A survey by John Hancock early this year discovered that many people close to retirement are ill prepared for the possibility of needing long-term care. And that could lead to a life-changing event that they had never imaged.
It seems that while making sure they will be able to afford good care is important, they cannot bring themselves to the point of addressing the issue.
The odds of ever needing long-term care are high … 35% and 55% depending upon definitions for someone 65-years-old.
The average cost for a semi-private room in a nursing home: About $75,000 a year. And if it increases 4% a year, you’re looking at more than $164,000 a year in 20 years.
If you are turning age 65, you are entering the high-incidence years for needing long-term care. So it’s obvious that with this level of risk and cost, you should not ignore planning for it.
Here are a few key points the John Hancock survey found:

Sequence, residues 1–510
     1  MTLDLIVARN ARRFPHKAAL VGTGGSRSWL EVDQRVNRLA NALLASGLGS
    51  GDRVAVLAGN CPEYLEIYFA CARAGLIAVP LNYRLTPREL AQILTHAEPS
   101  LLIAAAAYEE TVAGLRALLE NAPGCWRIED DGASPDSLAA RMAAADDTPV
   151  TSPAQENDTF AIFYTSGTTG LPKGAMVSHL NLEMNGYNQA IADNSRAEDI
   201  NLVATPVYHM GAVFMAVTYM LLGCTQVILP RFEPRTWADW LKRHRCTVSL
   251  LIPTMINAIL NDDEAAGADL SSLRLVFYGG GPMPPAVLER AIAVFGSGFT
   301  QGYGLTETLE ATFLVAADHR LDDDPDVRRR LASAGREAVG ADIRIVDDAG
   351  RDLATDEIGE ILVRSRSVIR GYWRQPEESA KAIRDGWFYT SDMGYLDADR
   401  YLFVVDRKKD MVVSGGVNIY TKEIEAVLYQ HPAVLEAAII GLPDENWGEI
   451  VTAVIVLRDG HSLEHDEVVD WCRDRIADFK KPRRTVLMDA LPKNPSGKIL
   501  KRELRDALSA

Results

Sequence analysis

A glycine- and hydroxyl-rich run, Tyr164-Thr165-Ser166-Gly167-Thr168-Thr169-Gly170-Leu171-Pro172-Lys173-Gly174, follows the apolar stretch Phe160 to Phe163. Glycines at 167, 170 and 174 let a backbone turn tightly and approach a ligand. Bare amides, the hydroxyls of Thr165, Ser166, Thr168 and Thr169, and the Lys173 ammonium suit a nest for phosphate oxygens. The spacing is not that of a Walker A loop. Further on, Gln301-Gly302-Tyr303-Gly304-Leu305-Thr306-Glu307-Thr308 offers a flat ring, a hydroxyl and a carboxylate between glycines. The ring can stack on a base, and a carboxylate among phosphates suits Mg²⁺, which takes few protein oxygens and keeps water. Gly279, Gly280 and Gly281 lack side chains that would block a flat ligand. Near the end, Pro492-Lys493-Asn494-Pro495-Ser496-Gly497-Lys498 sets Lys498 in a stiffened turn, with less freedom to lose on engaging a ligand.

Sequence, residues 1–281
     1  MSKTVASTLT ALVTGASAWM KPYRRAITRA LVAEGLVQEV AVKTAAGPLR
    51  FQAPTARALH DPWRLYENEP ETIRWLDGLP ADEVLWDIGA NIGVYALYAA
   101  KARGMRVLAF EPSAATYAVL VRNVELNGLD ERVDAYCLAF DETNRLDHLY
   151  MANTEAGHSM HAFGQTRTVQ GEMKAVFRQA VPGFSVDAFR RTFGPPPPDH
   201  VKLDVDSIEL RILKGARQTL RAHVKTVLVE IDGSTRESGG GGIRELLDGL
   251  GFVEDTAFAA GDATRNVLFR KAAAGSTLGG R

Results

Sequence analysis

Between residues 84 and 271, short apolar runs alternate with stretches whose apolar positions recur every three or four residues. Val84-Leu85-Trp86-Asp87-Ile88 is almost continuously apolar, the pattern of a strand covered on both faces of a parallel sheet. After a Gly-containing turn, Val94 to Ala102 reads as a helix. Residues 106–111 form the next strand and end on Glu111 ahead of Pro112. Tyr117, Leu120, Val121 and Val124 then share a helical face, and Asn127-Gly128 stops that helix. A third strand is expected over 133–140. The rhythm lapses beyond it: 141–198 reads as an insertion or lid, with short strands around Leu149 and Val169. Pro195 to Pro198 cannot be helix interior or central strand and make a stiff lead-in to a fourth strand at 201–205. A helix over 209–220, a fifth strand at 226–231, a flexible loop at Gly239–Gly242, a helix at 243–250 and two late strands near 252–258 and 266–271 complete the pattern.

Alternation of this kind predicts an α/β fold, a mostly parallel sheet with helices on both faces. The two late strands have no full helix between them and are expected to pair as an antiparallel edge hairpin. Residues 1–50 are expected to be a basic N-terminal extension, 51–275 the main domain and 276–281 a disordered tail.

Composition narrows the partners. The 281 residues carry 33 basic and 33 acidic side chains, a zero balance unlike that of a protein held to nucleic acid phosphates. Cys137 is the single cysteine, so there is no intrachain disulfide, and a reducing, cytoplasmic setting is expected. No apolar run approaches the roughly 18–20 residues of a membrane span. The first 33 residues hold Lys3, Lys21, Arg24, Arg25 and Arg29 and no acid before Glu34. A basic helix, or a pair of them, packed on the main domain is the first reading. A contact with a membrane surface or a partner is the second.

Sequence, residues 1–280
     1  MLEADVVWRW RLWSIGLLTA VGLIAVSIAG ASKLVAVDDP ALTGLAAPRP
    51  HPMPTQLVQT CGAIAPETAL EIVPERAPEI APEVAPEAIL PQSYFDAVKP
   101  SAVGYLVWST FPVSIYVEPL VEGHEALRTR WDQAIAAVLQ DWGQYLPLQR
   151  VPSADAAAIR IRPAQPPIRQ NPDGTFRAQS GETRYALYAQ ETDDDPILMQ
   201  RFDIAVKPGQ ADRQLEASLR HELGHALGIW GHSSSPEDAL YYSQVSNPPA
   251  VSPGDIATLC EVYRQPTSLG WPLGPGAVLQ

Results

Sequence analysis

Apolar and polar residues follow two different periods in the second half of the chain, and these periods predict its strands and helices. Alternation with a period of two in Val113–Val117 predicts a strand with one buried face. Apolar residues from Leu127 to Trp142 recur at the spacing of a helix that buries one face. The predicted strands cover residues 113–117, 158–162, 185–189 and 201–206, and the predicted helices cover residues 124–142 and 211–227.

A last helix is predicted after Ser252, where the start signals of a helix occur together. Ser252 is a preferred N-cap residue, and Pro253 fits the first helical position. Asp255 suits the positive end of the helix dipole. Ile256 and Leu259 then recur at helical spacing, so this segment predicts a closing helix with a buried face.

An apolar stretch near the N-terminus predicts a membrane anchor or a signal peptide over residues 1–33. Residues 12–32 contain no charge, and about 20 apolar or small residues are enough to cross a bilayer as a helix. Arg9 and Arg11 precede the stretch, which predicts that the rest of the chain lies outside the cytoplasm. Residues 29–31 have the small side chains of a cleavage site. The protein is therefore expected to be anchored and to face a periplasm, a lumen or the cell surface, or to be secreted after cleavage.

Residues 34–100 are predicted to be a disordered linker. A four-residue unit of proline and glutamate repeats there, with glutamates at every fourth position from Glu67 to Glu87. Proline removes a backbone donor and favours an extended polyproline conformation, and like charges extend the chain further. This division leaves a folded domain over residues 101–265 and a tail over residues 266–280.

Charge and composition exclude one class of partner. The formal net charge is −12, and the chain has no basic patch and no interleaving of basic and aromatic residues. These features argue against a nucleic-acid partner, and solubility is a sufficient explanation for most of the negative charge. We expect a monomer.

The majority of people know there is a significant likelihood they will need long-term care at some time in their lives. Only 6% believe this eventuality is not at all likely. And 52% agree that it is irresponsible not to plan for your own long-term care needs. Yet only 15% have a plan on how to pay for it.
The majority think long-term care insurance is the best way to handle the cost, although 89% don’t own a policy.
Less than a third felt they understood Medicaid. But more than half hope to qualify for the government program.
Three-quarters of the survey respondents expect that the benefits covered by Medicaid will be cut back within the next 10 years. Moreover, for most people it is important they receive good quality care in a nursing home, and three-quarters do not expect this level of care in a Medicaid-approved facility.
To sum it up, consumers know the risk of their health changing as they age is high. They don’t want to be a burden to loved ones, they want the best care possible, and they want to preserve what they’ve worked a life time to accumulate.
But … they aren’t taking action.